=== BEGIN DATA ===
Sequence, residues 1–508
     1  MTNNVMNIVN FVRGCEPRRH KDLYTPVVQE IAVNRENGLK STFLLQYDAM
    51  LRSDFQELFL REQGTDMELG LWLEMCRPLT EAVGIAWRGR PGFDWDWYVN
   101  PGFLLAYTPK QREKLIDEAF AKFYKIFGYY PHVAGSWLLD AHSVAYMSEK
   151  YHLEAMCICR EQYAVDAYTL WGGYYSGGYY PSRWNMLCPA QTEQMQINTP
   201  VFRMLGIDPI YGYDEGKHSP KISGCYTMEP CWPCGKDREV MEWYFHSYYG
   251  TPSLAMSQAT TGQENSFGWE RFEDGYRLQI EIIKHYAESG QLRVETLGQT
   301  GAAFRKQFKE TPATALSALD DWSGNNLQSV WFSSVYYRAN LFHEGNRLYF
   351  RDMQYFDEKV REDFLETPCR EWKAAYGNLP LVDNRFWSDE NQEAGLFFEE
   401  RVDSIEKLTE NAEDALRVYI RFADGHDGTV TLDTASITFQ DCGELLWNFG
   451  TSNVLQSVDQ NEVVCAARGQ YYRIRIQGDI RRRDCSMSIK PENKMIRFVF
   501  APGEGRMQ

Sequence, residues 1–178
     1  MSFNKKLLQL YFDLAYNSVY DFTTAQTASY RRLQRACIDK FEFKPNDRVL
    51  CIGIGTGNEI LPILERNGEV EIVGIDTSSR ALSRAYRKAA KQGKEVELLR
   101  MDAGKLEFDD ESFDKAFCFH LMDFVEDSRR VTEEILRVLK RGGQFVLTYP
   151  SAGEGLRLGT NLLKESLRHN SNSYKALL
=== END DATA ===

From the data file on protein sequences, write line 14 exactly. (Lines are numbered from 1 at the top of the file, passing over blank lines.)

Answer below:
     1  MSFNKKLLQL YFDLAYNSVY DFTTAQTASY RRLQRACIDK FEFKPNDRVL